Fun_People Archive
23 Apr
The NSI & Domain Name conflicts

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From: Peter Langston <psl>
Date: Tue, 23 Apr 96 13:09:29 -0700
To: Fun_People
Subject: The NSI & Domain Name conflicts

Forwarded-by: Keith Bostic <>
Forwarded-by: Phil Agre <>

This message was forwarded through the Red Rock Eater News Service (RRE).

From: Carl Oppedahl <>
Subject: In case it is of interest

Three graduate students at the Georgetown University Law School (David
Pauker, Stacey Halpern, and Jonathan Agmon) have prepared what is surely
the definitive and comprehensive resource covering Internet domain name
disputes provided, appropriately enough, in the form of a topic-specific
web site.  The site, called "What's in a Name?", is located at

	*Who should visit this site*

For anybody who has a domain name ending in COM, ORG, GOV, EDU, or NET, this
site is a must-read.  It illustrates vividly how vulnerable any domain name
owner is to loss of a domain name on just 30 days' notice, without any of
the usual legal safeguards against loss of a valuable property right.

	*What's there*

It will be apparent to any visitor that the "What's in a Name?" web site is
the result of a prodigious amount of effort.  The authors have drawn
together nearly everything about the twenty-five publicly known domain name
disputes, and provide a synopsis of each dispute as well as links to further
information about them.  (Because Network Solutions Inc. (NSI) conducts its
decisionmaking process regarding domain name disputes in secret, one can
only speculate how many other domain name disputes have arisen and how NSI
decided the disputes.  The authors can't be blamed for not knowing about
all of the dispute decisions that NSI has made.)

The authors go on to provide helpful background to trademarks and domain
names, they discuss in detail the present NSI domain name policy, and they
review a number of proposed replacements for the present flawed NSI policy.

As counsel for Roadrunner Computer Systems Inc. in its lawsuit against NSI,
I was particularly interested in the authors' comments on the present NSI
policy, for example:

"In the United States, NSI's Dispute Resolution Policy does not take account
of common law or state registered trademarks, unfair business practices,
dilution, or conflicts with even well known marks.

"NSI's Dispute Resolution Policy is an imposed contract predicated on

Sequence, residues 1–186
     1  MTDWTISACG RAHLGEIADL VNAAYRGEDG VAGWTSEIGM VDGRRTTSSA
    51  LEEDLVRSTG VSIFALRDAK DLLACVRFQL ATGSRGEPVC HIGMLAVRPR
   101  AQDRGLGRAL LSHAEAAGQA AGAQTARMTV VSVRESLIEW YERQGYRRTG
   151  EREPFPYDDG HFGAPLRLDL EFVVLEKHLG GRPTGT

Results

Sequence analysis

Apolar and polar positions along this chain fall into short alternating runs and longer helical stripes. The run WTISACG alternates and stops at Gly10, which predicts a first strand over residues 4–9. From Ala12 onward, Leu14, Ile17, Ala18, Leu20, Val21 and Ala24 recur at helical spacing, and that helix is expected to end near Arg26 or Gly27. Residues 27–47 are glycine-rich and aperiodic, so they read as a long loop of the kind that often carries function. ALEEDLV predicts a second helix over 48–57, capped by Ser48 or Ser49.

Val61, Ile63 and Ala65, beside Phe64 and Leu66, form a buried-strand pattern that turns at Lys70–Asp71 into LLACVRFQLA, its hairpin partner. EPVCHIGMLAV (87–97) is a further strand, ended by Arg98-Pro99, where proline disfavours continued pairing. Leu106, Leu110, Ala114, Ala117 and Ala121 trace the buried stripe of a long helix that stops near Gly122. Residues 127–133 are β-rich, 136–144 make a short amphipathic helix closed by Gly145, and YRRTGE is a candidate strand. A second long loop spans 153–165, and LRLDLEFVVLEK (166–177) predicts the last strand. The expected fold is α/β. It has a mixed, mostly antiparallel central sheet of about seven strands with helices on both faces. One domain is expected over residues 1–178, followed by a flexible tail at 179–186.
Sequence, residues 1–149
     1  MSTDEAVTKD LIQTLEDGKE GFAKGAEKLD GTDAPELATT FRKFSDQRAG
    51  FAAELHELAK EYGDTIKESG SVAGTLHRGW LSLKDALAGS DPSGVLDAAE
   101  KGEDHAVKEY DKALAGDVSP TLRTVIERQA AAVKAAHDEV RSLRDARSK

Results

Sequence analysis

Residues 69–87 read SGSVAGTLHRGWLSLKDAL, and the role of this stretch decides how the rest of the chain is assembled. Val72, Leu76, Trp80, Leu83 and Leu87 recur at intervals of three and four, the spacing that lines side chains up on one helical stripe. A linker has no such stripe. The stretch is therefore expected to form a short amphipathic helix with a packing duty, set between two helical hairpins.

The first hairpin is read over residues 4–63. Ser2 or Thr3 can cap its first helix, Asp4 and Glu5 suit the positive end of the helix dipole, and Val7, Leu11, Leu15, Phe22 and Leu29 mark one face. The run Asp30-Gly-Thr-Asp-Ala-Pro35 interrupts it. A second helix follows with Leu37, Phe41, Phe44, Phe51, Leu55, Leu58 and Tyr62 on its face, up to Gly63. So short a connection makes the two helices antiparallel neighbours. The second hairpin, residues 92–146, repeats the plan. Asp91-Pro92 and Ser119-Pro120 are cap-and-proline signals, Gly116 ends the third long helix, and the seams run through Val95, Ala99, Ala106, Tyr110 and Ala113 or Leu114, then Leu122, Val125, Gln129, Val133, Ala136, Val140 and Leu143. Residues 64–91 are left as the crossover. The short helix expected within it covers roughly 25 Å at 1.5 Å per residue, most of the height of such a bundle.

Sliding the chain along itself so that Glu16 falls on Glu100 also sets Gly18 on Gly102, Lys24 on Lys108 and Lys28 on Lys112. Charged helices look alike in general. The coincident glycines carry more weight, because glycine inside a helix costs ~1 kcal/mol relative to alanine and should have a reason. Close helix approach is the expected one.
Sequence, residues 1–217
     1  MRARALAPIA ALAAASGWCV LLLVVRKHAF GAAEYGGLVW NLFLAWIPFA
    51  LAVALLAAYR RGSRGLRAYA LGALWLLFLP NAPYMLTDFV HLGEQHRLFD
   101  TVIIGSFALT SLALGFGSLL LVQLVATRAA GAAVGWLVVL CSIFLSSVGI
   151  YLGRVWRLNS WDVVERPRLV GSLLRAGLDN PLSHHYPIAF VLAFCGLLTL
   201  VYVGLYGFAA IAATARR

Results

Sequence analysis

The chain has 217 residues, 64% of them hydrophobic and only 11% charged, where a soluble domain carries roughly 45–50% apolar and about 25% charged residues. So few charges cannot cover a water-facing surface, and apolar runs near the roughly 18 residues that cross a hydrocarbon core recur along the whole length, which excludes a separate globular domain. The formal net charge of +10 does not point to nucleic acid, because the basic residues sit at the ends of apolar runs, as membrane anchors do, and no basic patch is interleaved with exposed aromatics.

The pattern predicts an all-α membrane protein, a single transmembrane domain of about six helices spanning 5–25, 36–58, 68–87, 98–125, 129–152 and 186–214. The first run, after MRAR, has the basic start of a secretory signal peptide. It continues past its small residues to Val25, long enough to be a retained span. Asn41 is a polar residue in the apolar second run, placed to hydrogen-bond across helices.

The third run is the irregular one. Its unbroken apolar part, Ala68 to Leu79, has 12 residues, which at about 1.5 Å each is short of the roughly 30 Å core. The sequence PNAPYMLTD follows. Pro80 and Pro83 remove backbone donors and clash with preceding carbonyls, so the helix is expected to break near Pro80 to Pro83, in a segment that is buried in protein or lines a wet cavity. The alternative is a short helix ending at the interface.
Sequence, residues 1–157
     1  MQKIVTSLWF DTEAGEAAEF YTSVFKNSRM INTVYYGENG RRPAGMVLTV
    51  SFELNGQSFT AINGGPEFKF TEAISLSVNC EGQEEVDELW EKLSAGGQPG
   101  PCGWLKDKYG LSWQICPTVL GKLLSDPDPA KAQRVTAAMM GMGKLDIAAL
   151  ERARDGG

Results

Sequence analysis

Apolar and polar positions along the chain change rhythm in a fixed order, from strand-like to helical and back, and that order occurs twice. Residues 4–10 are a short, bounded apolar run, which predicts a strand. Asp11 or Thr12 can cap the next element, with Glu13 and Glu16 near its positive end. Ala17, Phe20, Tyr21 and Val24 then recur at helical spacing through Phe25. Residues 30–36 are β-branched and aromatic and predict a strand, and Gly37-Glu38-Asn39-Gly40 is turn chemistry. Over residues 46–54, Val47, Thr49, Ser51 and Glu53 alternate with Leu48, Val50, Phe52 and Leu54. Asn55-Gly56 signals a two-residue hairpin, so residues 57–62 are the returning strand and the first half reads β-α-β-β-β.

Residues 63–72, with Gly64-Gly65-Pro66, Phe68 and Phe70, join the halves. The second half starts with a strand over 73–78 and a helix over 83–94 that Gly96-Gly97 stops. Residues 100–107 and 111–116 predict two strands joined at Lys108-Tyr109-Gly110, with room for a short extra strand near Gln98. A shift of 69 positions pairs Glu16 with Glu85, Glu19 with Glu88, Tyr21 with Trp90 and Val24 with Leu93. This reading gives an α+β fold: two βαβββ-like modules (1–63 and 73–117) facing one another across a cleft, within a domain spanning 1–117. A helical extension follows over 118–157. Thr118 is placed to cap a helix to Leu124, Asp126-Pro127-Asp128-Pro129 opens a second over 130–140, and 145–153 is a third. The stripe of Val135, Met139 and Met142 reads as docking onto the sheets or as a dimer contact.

unequal bargaining power, failing to provide a proper mechanism for
adjudicating disputes.

"NSI, a private company, is acting in a quasi-judicial manner with limited
mechanisms for judicial review."


"NSI's Dispute Resolution Policy still allows the owner of a federally
registered trademark to receive relief not dissimilar to a preliminary
injunction -- placing the domain name on hold during the pendency of the
litigation -- without having to demonstrate any of the substantive
requirements of a preliminary injunction, such as irreparable harm, a
likelihood of success on the merits, or even posting a bond. Instead, the
owner of a federal trademark can force NSI to place a domain name on hold
simply upon proof of federal trademark registration."

	*What will happen next*

One can only hope that what will follow is informed debate regarding the
manner in which domain name disputes get decided.  In the past, NSI's
process of development of its domain name policies has taken place in
secret, providing special relief to trademark owners to the detriment of
domain name owners.  In future, domain name owners need to play an active
part in informing themselves about the NSI policy and the legal and fairness
issues surrounding domain names.  Ideally, NSI would for the first time take
into account the interests of domain name owners in formulating a
replacement policy.  The "What's in a Name?" web site will be an invaluable
resource for this debate.

David Pauker, Stacey Halpern, and Jonathan Agmon deserve the thanks of the
Internet community for their hard work in assembling this important web site.
Carl Oppedahl,  Oppedahl & Larson, patent law firm is a web server with frequently asked questions
  and answers on patent law and other intellectual property subjects

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